European auto stocks slumped Thursday, holding down gains for benchmark indices around the region, following President Donald Trump's decision to launch a national security investigation into car imports into the United States.

President Trump said Wednesday that he will a national security investigation into car and truck imports under Section 232 of the Trade Expansion Act, the same pretext he used to slap 25% tariffs on non-American steel and aluminum earlier this year. The move, which followed his hint that a "different structure" may be needed to arrange a new trade relationship with China, added to global concern that inward-looking trade policies will slow economic growth into the second half of the year.

"It obviously would be against the WTO (rules) and it's very difficult to imagine it to create any sort of threat to national security," said European Commission Vice President Jykri Katainen. "It's very difficult to understand ... but we have now just heard what has been said and there is a long journey to the practice."

Europe's Stoxx 600 Autos & Parts index was marked 1.9% lower by afternoon trading, led by Volkswagen AG (VLKAY) , which fell 1.9% and domestic rivals Daimler AG (DDAIY)  (-2.4%) and BMW AG (BMWYY) (-1.7%). In France, carmakers Renault SA (RNLSY) and Peugeot SA (PUGOY)  fell 2% and 1.6%, respectively, in the opening hour of trading in Paris.

U.S. automakers rose on the news: Ford Motor Co. (F) - Get Ford Motor Company Report gained 1.5% and General Motors (GM) - Get General Motors Company (GM) Report added 1.4%.

Still, "the implementation of these tariffs would be a major blow to the entire automotive industry," said Jeremy Acevedo, manager of industry analysis at Edmunds, a Santa Monica, California-based data provider that focuses on the auto industry. 

The vast majority of auto manufacturers produce at least some vehicles abroad, Acevedo said, and these production factories cannot easily or cheaply be moved across borders. 

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"These tariffs could ultimately result in much higher vehicle costs for consumers," said Acevedo. "If foreign manufacturers pass the 25% import tax on to car buyers, then those who manufacture vehicles here can in theory charge that much more for their vehicles and still be price competitive."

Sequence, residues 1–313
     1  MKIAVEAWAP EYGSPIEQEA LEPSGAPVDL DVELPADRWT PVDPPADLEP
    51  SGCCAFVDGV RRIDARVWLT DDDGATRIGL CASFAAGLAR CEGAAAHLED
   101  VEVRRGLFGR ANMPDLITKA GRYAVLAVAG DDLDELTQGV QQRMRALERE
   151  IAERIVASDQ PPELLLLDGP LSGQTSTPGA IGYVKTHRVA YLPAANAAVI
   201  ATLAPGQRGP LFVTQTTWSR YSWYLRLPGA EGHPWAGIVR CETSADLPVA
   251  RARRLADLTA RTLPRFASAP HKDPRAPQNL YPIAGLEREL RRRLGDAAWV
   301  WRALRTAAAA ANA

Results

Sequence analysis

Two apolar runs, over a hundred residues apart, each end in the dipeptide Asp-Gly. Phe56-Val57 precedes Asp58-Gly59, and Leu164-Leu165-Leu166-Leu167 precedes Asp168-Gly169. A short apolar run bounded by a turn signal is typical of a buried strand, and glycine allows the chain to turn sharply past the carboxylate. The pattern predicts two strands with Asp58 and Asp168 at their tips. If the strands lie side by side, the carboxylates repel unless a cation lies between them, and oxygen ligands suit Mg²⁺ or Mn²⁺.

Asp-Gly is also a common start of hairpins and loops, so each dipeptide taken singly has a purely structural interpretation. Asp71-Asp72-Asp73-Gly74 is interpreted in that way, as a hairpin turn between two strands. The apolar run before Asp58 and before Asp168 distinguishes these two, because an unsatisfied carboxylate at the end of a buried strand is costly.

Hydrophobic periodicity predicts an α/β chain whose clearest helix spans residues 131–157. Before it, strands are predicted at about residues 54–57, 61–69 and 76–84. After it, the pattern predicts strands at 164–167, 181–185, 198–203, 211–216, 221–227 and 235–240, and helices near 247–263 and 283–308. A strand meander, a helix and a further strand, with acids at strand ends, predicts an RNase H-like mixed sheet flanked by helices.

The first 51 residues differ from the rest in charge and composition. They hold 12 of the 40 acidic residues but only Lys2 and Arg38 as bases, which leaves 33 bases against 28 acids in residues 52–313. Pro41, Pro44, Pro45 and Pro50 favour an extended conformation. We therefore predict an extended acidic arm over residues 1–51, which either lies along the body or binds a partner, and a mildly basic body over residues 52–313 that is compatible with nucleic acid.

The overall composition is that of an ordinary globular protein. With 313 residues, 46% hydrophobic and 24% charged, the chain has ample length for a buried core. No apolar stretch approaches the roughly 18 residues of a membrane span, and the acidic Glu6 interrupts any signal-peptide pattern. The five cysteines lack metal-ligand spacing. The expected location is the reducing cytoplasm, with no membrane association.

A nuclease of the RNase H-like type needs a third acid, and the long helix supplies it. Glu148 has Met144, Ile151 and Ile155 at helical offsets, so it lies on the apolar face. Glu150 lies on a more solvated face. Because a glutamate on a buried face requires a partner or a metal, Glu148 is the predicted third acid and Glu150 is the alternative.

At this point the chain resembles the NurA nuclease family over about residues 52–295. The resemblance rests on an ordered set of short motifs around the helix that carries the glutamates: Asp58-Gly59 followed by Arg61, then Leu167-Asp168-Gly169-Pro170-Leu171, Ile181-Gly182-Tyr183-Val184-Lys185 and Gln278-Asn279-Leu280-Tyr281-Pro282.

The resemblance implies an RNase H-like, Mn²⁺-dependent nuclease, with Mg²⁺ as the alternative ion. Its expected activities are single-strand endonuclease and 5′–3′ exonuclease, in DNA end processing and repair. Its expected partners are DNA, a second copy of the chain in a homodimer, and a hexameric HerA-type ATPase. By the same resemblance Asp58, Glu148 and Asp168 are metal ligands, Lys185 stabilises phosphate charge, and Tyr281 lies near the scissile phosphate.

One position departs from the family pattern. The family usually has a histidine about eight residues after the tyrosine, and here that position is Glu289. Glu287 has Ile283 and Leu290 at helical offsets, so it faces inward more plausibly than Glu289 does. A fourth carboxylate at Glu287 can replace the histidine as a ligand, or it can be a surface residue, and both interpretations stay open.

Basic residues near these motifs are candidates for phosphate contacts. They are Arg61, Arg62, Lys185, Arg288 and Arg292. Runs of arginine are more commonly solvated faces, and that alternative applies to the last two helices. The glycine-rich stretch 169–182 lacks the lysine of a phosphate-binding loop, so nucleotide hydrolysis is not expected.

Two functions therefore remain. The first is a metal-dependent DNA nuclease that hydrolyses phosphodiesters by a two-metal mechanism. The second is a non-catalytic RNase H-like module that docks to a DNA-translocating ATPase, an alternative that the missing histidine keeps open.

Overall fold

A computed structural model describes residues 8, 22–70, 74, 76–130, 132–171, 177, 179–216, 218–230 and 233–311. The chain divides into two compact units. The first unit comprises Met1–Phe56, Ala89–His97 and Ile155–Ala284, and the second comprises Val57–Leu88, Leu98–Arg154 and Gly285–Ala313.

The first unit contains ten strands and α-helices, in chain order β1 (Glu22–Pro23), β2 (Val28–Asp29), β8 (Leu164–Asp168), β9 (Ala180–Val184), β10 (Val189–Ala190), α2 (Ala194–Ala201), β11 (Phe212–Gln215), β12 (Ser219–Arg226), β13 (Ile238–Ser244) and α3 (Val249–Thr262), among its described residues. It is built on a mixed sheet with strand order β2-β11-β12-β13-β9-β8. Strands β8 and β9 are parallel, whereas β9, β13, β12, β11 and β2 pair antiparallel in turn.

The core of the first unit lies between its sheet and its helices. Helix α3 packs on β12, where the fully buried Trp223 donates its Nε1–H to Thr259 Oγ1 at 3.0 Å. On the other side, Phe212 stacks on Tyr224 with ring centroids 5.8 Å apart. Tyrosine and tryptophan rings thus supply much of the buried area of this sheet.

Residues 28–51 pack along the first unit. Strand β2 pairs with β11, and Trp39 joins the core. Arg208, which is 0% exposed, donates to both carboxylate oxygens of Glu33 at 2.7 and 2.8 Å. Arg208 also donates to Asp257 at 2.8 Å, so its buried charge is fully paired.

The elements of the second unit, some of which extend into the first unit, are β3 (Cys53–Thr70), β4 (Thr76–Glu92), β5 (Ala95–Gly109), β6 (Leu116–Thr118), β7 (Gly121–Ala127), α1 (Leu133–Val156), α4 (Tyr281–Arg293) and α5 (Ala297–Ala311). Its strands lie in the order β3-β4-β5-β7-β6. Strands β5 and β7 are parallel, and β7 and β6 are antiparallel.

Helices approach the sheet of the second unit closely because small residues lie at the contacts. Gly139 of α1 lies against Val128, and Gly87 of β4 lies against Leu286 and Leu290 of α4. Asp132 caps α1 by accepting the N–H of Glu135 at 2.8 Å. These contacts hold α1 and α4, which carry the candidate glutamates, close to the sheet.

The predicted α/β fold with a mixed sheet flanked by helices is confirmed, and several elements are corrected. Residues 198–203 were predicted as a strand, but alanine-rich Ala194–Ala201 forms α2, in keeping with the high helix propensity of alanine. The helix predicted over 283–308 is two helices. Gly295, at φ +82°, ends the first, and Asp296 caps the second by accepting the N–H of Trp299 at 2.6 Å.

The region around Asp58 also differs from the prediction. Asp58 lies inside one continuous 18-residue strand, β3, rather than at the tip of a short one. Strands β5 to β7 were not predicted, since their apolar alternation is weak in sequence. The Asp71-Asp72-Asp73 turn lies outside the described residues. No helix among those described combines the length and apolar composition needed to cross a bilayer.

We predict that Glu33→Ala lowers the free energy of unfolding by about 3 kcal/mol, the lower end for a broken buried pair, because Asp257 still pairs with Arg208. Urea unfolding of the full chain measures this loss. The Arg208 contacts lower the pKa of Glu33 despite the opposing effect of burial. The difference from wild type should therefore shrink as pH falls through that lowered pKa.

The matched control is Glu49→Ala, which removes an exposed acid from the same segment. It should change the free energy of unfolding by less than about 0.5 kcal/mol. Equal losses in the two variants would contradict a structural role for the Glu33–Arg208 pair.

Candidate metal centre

"Either way, this could represent a lose-lose situation for automakers and consumers alike," Acevedo concluded. 

Trump signaled the probe in an early Wednesday Tweet that followed comments suggesting he was unhappy with the progress of trade talks with China, including a hint that he would seek a "different structure" with Beijing in order to reach an agreement between the world's two biggest economies.

Earlier this week, China agreed to halve the levies it applies to both imported cars and parts, starting on July 1, and easing some restrictions on the way foreign companies can invest and own carmakers in its domestic market.

The U.S. exported $10.5 billion worth of cars to China last year, according to Census Bureau data, around of a fifth of the $53.5 billion in total the industry shifted overseas. However, only around $1.5 billion came back the other way, suggesting that U.S tariffs of 2.5% -- compared to the 25% charged in Beijing -- weren't as attractive as the Trump administration has insisted.

The U.S. imported around 8.3 million cars last year, with an official value of around $192 billion for trade purposes, including around 1.4 million from Japan and South Korea collectively.

Asian automakers were also hit by the Trump announcement, with auto export giants Toyota Motor Co. (TM) - Get Toyota Motor Corp. Sponsored ADR Report  (-1.5%), Honda Motor Co (HMC) - Get Honda Motor Co., Ltd. Sponsored ADR Report  (-1.9%) and Nissan Motor Co. (NSANY)  (-0.6%), pulling Japan's Nikkei 225 benchmark to a two-week low of 22,437.01 points by the close of trading Thursday. In South Korea, Hyuandi Motor Co.  (HYMTF) closed 3.11% lower at 140,000 Korean won each.